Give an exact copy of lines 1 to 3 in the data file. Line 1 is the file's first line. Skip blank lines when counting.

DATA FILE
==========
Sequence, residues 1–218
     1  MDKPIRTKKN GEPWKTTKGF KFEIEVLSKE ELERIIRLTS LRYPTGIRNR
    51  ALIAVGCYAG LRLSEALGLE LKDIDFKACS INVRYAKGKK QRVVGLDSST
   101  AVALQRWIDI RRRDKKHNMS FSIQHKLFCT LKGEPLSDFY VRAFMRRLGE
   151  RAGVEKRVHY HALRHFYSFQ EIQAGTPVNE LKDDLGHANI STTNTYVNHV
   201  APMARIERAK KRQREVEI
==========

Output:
Sequence, residues 1–218
     1  MDKPIRTKKN GEPWKTTKGF KFEIEVLSKE ELERIIRLTS LRYPTGIRNR
    51  ALIAVGCYAG LRLSEALGLE LKDIDFKACS INVRYAKGKK QRVVGLDSST